Despite heavy flooding in the Carolinas, the U.S. cotton harvest is progressing on schedule. Cotton production also will be close to early estimates, and prices will likely continue to trade in a range. Yet despite the status quo statistics, many of the nation’s cotton farmers are under stress.
“December cotton futures, and most of the other contracts, have been stuck in a range of 60 cents to 68 cents per pound, and growers get about 5 cents or 6 cents fewer than that,” said John Robinson, cotton specialist with Texas A&M University. “It’s a sub-profitable price range. Growers could have problems paying off operating notes, and there could be some financial stress.”
U.S. cotton harvest, however, is right on schedule with 31% of the nation’s crop picked as of October 18. That compares with the five-year average of 32% and last year’s 28% for the comparable week.
While many states are ahead of schedule, cotton harvest in several states, including California, Georgia, Oklahoma, North Carolina, and South Carolina, is lagging the states’ five-year averages.
Carolinas in Rough Shape
Of all the cotton-growing states, both South and North Carolina have been hit particularly hard due to heavy rains and flooding. More than half, or 62%, of North Carolina’s cotton is in fair to poor condition, and South Carolina’s crop is in even worse shape, with 78% rated fair to poor.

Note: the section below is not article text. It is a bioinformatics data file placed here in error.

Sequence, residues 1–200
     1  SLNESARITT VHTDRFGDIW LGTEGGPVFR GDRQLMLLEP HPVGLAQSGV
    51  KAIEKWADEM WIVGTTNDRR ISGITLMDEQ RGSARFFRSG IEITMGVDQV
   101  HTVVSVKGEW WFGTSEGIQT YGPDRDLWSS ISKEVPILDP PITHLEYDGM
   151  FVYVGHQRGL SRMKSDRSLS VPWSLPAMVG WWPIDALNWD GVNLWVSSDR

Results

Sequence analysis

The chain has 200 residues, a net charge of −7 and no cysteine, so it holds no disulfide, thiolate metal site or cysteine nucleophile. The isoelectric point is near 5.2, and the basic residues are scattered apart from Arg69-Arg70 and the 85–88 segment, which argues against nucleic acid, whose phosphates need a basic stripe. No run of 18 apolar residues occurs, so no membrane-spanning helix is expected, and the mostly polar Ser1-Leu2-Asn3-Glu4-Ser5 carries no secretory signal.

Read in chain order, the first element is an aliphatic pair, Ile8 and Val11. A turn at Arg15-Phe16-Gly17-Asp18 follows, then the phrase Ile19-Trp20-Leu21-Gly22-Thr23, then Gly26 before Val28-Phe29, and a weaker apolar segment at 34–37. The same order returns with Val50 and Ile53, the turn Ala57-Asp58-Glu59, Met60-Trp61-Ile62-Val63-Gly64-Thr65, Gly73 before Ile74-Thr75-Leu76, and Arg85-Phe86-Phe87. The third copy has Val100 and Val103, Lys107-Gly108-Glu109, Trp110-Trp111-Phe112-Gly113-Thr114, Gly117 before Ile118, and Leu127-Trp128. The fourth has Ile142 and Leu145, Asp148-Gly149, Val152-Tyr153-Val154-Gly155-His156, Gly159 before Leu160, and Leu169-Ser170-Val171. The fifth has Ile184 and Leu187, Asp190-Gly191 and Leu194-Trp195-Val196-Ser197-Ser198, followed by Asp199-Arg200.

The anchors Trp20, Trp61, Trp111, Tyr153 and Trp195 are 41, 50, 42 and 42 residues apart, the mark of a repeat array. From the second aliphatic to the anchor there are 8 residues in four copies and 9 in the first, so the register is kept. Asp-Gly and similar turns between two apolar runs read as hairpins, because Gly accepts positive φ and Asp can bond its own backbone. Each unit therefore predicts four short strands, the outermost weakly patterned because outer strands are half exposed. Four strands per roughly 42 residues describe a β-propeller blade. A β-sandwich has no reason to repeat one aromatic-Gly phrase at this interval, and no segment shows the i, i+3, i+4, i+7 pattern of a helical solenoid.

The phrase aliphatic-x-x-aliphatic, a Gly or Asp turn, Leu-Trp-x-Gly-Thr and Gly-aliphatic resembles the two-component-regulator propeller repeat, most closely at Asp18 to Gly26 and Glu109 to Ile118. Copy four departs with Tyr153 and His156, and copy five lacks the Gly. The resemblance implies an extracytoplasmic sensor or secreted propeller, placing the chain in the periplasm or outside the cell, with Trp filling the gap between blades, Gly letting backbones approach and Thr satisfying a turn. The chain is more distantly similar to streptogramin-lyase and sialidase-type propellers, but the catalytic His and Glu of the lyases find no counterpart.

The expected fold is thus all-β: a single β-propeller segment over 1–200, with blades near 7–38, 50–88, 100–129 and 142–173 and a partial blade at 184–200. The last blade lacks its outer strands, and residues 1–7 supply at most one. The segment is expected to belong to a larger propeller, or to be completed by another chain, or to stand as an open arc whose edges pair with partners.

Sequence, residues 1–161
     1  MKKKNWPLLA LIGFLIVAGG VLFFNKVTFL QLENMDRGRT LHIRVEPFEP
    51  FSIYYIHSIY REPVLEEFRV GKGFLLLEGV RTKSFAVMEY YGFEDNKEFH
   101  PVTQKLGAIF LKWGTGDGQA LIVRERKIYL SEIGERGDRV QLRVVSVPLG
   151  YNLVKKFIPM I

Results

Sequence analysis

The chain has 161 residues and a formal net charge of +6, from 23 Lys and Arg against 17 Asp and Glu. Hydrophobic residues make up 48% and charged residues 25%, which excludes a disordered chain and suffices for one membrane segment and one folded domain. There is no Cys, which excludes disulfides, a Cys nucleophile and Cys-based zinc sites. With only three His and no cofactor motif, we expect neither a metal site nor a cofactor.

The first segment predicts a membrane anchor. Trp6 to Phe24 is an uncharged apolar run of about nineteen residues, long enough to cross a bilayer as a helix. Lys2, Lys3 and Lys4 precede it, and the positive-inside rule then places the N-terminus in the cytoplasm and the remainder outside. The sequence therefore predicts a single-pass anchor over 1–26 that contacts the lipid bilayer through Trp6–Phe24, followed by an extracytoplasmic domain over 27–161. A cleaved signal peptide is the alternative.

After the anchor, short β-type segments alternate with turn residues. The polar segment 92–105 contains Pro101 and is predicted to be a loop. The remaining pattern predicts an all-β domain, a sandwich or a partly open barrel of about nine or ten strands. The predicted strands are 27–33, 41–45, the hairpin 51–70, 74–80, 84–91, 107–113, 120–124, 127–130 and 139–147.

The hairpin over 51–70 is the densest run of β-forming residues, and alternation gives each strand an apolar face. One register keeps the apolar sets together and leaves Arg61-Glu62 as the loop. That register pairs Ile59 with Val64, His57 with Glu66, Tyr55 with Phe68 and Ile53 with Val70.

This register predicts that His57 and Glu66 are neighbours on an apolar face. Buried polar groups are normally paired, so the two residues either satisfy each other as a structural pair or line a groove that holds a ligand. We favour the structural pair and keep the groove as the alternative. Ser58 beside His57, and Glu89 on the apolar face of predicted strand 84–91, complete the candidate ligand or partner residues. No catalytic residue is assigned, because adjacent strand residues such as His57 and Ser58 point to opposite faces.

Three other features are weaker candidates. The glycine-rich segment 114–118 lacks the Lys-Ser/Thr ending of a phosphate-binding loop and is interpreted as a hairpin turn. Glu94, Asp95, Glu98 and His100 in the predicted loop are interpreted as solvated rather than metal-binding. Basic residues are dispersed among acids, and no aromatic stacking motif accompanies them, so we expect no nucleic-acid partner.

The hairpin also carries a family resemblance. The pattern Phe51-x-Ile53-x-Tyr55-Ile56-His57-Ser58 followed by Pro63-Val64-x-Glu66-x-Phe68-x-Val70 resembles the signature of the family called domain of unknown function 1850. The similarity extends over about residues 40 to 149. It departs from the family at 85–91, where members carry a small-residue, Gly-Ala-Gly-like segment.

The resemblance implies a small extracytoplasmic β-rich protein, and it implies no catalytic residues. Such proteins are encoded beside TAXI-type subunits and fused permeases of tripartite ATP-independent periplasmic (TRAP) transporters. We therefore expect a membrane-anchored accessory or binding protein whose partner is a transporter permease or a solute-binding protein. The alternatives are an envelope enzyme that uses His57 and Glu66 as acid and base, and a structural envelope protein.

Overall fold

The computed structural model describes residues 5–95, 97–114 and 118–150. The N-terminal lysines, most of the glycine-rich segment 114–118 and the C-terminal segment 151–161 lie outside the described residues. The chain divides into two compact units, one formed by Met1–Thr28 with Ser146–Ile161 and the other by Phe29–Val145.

Four of the worst hit counties in South Carolina were Clarendon, Williamsburg, Georgetown, and Florence, where as much as 75% of the cotton is lost, according to Jacob Stokes, Florence County extension agent with Clemson University.
“There is some harvestable cotton,” said Stokes. “In some spots, they are just getting into the fields, but some spots are still wet, and some of the cotton still needs to be defoliated.”
Most of the floodwaters have receded in South Carolina, except for where rivers are still above flood stage. On fields that flank these rivers, the ground is still too muddy to bring in equipment, said Stokes.
“I am expecting USDA to downwardly revise production estimates for the Carolinas,” said Robinson. “There could be 200,000 to 300,000 fewer bales of cotton coming from that region.”
According to USDA’s October Crop Production, the Carolinas were expected to produce a total 1.08 million bales of cotton.
Texas Expects Better Yields
What happens in Texas, where 44% of the nation’s cotton is grown, and other states, however, could at least partially offset the severe damage in the Carolinas. Early observations in the Rolling Plains region of Texas are calling for better-than-expected yields, said Robinson.
“The Rolling Plains is a large area of dryland production,” said Robinson. “There are times with it produces lots of bales and times when it produces next to nothing.”
This year, he said that an extra 100,000 bales, compared with USDA’s latest estimate of 885,000 bales, could be harvested from the Rolling Plains alone.
Planting in Texas and some other states was late due to cool, wet weather, but somehow the cotton crop “cut out,” or dried out, quickly, said Robinson.
“There is a lot of cotton in the world,” he added. He expects both world and U.S. cotton prices to trend sideways well into next year.